I am a convert to Judaism who was born and raised in Norway, before moving to the United States. About a year ago, I had a strange food-writing experience when I worked with an editor at a Maine food magazine. She was a Jewish woman who was interested in what I had to say about a gravlaks recipe she had printed in an earlier issue, since I had a native Norwegian take on it. I suggested some possible alternative ways to prepare the dish. I wrote the essay and included my recipe and tips.
The story of my Jewish journey was also part of the essay, as it is central to my culinary tapestry, just as my Norwegian heritage is. But before the piece went to print, the editor asked me to remove any references to Judaism. “It’s our policy to not involve religion,” she noted. I was stunned. I decided that if I could not talk about my Jewish identity as freely as I could my Norwegian one, I was not interested in the assignment. Food is, after all, one of the central elements of culture, and if my Jewish culture is not kosher to talk about, then count me out.
My childhood in Norway was teeming with fish in all imaginable varieties. My parents and their friends would often catch and prepare their own cod, salmon, crabs and mussels at various times of the year. I ate five varieties of herring by the time I was three. But then, at the age of 20, I met a Jewish man and fell in love, and at 23, I underwent an Orthodox conversion. Suddenly, all the shellfish traditions of my birth family became off-limits, because I went all in and wanted to be both kosher and shomer Shabbat. Thankfully, herring and lox were a big part of my adopted culinary tradition, too.
At my oldest son’s bar mitzvah, I prepared those five varieties of herring (with tomato sauce; wine sauce; beets, apples and onions; curry sauce; and cream sauce) and cured enough gravlaks in our synagogue kitchen to feed more than 250 people. When guests are coming to my house for a meal on Shabbat or yom tov, I often make gravlaks, because it needs to be made ahead of time, which takes some pressure off on the day it’s served.
Since I have a penchant for languages and etymologies, the word “gravlaks” calls for a brief note. The suffix “-laks” is the Norwegian word for salmon; while the prefix “grav” means, “to dig,” or “grave.” In the olden days before refrigeration, the fresh salmon was cured and preserved by being placed in a deep hole in the ground and covered by dirt.
This would help ensure a more stable temperature and, together with the generous amounts of salt, would help preserve the food. Salted and dried cod, lamb ribs, pork and reindeer were all traditionally cured with salt. Furthermore, I travel in circles where the word “lox” is so deeply ingrained by the iconic New York food culture of bagels and lox (as in smoked salmon) that I have spent the last 30 years of my life in the U.S. insisting that “no, it’s not like lox.” So, as the viking Jewess I am, I must insist: it’s gravlaks.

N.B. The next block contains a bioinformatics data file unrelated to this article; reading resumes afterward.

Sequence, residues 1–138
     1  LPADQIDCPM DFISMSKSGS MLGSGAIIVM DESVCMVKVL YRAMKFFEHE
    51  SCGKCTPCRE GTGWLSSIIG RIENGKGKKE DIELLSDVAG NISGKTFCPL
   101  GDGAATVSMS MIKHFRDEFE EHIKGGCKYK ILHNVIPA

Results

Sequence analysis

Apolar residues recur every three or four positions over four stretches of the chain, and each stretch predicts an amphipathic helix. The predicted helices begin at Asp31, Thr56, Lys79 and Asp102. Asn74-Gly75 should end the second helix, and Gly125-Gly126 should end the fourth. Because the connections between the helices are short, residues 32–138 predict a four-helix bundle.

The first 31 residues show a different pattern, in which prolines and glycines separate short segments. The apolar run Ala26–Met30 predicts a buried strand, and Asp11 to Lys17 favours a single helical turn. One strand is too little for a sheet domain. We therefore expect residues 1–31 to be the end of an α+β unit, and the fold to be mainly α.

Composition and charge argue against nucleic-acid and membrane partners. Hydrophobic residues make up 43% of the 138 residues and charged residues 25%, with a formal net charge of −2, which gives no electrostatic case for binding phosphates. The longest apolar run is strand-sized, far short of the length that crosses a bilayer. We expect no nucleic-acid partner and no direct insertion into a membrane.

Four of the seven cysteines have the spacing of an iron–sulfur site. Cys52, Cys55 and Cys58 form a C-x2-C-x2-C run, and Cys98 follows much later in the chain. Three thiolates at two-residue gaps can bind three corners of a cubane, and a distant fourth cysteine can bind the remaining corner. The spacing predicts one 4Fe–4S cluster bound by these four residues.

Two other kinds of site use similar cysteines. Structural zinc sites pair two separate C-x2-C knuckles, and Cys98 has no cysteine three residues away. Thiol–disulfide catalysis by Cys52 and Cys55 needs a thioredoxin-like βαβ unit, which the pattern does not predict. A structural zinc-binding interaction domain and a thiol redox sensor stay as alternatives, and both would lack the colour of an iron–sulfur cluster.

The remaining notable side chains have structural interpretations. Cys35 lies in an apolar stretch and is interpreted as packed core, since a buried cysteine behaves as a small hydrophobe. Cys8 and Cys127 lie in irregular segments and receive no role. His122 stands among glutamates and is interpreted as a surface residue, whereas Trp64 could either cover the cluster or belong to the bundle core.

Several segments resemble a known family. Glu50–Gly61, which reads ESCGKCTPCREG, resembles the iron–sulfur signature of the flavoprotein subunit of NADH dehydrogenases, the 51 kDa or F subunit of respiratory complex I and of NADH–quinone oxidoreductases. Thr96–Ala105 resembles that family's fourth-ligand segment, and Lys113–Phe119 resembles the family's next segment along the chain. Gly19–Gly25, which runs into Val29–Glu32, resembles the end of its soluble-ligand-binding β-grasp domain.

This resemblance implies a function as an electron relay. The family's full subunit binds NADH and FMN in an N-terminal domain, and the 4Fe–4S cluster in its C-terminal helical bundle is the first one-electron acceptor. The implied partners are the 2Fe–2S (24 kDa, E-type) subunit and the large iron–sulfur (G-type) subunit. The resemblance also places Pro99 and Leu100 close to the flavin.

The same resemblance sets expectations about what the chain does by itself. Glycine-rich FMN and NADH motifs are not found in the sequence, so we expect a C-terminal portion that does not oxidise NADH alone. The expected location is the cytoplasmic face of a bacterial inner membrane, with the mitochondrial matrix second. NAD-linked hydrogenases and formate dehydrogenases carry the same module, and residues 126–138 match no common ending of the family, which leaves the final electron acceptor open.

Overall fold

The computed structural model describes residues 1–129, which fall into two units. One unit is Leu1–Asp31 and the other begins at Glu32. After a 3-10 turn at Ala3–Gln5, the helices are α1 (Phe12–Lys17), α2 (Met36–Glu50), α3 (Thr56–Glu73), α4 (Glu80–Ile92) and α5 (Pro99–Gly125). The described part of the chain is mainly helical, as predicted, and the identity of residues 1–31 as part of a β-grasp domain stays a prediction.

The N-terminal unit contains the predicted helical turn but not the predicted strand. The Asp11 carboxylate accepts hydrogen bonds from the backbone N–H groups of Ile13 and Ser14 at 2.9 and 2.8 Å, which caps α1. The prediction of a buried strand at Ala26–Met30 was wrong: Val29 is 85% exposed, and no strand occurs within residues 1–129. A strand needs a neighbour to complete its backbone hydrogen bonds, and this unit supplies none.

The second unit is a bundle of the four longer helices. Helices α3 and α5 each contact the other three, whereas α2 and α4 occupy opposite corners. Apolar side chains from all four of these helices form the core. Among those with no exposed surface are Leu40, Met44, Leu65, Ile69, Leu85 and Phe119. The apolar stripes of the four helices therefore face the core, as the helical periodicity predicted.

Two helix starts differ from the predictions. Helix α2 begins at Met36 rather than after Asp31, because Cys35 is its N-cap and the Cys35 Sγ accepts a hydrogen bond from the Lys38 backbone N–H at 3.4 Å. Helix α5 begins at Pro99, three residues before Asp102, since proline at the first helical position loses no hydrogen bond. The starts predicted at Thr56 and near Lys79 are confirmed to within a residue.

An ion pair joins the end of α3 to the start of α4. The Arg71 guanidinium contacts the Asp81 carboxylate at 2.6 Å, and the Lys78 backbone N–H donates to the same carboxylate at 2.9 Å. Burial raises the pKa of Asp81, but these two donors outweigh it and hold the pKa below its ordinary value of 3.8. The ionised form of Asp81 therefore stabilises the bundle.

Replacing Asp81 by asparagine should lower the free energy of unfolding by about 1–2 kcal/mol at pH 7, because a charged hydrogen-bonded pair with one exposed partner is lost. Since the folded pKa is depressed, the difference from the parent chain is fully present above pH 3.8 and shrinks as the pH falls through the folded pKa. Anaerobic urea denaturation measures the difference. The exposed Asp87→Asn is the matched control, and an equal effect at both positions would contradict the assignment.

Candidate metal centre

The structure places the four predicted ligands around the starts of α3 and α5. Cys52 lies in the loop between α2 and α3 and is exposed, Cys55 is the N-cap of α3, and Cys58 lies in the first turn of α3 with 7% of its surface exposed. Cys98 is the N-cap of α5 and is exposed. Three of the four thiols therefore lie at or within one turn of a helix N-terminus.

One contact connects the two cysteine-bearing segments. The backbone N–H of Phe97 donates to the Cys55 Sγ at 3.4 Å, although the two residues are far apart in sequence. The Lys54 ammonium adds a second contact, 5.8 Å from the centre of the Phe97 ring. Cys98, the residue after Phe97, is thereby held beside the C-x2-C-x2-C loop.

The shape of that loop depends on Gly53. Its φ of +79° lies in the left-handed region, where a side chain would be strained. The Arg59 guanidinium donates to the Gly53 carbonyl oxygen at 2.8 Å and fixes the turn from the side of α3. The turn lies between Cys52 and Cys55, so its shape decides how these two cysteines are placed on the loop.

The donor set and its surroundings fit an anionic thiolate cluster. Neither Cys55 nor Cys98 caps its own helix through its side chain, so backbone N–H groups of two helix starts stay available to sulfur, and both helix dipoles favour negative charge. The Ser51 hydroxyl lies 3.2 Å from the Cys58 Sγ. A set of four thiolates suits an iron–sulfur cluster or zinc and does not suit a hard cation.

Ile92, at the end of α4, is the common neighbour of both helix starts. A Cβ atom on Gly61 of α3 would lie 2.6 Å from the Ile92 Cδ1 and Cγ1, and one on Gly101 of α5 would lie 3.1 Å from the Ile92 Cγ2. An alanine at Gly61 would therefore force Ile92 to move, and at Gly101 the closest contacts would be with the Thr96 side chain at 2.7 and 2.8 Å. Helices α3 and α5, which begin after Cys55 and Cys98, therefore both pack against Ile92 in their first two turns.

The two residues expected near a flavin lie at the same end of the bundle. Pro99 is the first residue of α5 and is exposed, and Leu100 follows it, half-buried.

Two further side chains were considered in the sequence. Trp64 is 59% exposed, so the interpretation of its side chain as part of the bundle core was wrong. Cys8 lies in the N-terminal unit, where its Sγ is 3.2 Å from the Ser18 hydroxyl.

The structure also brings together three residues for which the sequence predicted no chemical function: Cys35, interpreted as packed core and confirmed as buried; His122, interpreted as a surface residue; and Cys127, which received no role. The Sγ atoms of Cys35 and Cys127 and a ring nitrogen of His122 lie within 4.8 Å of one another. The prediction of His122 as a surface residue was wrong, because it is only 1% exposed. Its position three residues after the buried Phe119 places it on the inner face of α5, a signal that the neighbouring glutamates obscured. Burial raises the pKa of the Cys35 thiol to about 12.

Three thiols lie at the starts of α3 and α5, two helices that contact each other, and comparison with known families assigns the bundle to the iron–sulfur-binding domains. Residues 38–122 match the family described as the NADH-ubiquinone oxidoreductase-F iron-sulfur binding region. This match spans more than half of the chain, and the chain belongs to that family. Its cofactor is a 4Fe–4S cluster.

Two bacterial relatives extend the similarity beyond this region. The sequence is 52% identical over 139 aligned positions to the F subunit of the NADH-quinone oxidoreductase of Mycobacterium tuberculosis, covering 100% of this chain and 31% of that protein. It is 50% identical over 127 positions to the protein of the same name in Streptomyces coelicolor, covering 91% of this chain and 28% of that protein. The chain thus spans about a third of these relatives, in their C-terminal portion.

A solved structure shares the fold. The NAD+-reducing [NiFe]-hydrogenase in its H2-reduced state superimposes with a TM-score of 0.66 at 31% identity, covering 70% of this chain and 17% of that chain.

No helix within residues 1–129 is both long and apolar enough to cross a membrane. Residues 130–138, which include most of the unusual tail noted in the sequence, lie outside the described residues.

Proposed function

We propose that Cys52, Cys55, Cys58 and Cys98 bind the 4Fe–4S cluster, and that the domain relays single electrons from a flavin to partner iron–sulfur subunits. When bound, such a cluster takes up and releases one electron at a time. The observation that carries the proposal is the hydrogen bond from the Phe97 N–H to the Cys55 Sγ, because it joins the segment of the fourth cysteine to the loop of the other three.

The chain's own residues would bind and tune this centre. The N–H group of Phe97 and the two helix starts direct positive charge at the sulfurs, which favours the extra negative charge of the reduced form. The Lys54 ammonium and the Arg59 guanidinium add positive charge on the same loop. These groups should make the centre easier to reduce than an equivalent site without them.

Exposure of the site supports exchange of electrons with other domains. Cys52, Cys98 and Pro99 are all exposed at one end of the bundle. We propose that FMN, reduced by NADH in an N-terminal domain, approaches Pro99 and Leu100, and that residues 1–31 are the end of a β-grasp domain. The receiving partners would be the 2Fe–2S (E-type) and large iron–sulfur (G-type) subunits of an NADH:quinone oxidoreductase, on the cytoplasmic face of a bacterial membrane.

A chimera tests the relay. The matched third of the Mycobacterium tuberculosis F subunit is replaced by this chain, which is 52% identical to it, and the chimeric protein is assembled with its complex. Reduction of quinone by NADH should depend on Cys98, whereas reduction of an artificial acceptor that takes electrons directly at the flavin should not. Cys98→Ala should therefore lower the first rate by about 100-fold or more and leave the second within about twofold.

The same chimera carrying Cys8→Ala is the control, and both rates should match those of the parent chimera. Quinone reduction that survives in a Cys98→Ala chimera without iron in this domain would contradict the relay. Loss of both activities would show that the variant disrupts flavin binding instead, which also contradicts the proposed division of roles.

I am definitely a self-professed foodie, and today, more than 28 years after becoming Jewish, my culinary explorations include many Israeli staples and delicacies. But there’s still nothing like combining my Norwegian heritage with my adopted Jewish culture when serving home-made gravlaks.
Nina’s Gravlaks Recipe
o 2.5 kg (5 lb) salmon, divided into two equal fillets with skin on, to be sandwiched for curing period
o 150 ml (10 tbsp) sugar
o 150 ml (10 tbsp) kosher salt
o 75 ml (5 tbsp) peppercorns, slightly cracked with a mortar and pestle
o Fresh dill, to taste
o Brandy or whisky
Mix salt, sugar and pepper in a bowl.
Evenly spread plenty of torn up fresh dill on the flesh side of one of the fillets. Pour spice mixture over it and put second fillet on top, flesh side down.
Wrap salmon tightly in heavy-duty aluminum foil, place in a pan, cookie sheet or platter with a lip (to contain liquid that will seep out during curing) and put something heavy on top of it (I use a brick, but anything works, such as cans of food). Place in the fridge and set a reminder to flip and drain every 12 hours.
Each time you turn the package over, drain off the salty, gooey liquid (brine) that has seeped out into the pan. I also hold the package over the sink to let it drain as much as possible, before returning it to the fridge, flipped over and with the weight back on top. Draining the brine is important, otherwise the gravlaks can become too salty.
After 48 hours, unwrap the fillets and wipe them clean with a wet paper towel. If the spice mixture has caked on during the curing process, run the fillets under cold water and dry with paper towel.
After the fillets have been cleaned, pour some of your favourite brandy or whisky into the palm of your hand and rub it over the fillets. This cuts some of the salty taste and adds an understated and round finish to the fish. For looks, I sprinkle finely chopped dill on the fillets, before slicing them thinly on an angle and arranging them on a platter.
Gravlaks is best served with plenty of lemon wedges and traditional mustard dill sauce (recipe to follow).
Mustard Dill Sauce
o 30 ml (2 tbsp) Dijon mustard
o 15 ml (1 tbsp) sugar
o 30 ml (2 tbsp) white vinegar
o 125 ml (1/2 cup) extra virgin olive oil
o white pepper
o 30-60 ml (2-4 tbsp) fresh dill, finely chopped
Mix mustard, sugar and vinegar in a small bowl.
While whisking, add olive oil in a fine and constant stream.
Season with salt and white pepper and stir in fresh dill.